|Publication number||US4807830 A|
|Application number||US 06/941,860|
|Publication date||Feb 28, 1989|
|Filing date||Dec 15, 1986|
|Priority date||Dec 15, 1986|
|Publication number||06941860, 941860, US 4807830 A, US 4807830A, US-A-4807830, US4807830 A, US4807830A|
|Inventors||Paul F. Horton|
|Original Assignee||Horton Paul F|
|Export Citation||BiBTeX, EndNote, RefMan|
|Patent Citations (14), Non-Patent Citations (2), Referenced by (39), Classifications (6), Legal Events (4)|
|External Links: USPTO, USPTO Assignment, Espacenet|
1. Field of the Invention
This invention relates to aircraft in general and more particularly to aircraft having rotating airfoils.
2. Description of the Prior Art
It is highly desirable to produce aircraft which is energy efficient; which is highly maneuverable; which can take off vertically; which can hover; and in which there is no mechanical linkage and therefore no wear between the "rotor" and the main body, i.e., the fuselage of the aircraft.
Flight characteristics of the annulus, also known as the gliding ring, is becoming better known due, in part, to the research of Alan Adler which resulted in production of a ring composed of plastic and rubber and known by the trademark AerobieŽ. U.S. Patents providing disclosure of these rings having highly efficient aerodynamic characteristics for level and lengthy flights include U.S. Pat. Nos. 4,456,265 and 4,560,358. Numerous other patents, some of which are cited in the above enumerated patents, show a large variety of aerial gliding rings. The patents of Adler disclose an aerodynamic annulus having low aerodynamic drag, producing straight and level flight for great distances considering the low propulsive forces involved.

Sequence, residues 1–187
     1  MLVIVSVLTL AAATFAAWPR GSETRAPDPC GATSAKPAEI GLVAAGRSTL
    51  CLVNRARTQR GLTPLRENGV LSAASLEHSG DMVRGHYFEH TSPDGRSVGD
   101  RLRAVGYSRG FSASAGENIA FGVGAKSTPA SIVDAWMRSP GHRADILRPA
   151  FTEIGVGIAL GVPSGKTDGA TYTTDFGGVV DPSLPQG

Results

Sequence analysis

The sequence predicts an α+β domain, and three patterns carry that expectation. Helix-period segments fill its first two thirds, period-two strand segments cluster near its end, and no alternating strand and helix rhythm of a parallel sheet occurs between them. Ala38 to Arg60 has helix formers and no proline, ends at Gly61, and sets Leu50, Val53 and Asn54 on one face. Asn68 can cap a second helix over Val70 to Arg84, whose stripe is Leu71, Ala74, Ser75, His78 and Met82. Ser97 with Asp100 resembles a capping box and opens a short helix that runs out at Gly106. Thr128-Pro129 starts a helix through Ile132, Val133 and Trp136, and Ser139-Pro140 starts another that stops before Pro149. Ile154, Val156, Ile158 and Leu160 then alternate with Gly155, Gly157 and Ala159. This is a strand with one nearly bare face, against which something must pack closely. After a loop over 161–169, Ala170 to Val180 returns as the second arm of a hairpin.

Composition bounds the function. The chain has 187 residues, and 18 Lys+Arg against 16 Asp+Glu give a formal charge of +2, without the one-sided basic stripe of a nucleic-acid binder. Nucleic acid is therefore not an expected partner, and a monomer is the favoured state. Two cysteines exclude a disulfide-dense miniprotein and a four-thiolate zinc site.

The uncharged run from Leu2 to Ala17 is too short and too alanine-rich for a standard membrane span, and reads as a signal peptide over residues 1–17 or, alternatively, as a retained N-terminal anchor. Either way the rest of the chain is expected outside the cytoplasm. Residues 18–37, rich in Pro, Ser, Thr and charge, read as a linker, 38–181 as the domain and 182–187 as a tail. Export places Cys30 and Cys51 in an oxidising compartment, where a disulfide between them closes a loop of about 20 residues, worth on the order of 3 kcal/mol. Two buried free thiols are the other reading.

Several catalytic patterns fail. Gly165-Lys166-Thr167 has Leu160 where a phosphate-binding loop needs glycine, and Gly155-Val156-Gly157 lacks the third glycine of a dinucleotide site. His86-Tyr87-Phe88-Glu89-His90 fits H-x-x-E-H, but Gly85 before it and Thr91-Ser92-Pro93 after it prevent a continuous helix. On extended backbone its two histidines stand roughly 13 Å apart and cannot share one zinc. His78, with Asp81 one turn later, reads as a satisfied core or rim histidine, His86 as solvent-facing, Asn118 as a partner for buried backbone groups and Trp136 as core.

Magnetic levitation, while relatively new in the art of railway transportation, has proven effective at supporting a moving device, i.e., a vehicle, relative to a fixed track or rail, to produce an essentially friction-free levitation system. Two systems are now in use. One system, known as the Maglev system, works on the basis of magnetic attraction and the other system works on the basis of magnetic repulsion. In the first system, electromagnets attached to the vehicle are pulled upward toward an overlying metal rail. Strength of the electromagnetic field is controlled by controlling the current flow through the electromagnets and therefore the gap between magnets and rail can be conveniently controlled. In the repulsive system, now used on levitated trains in Japan, overlying electromagnets affixed to the vehicle induce electric currents in the track coils, causing the track itself to become a temporary electromagnet. The repulsive system generally requires supercold, superconducting electromagnets and is effective only upon movement of the vehicle relative to the track.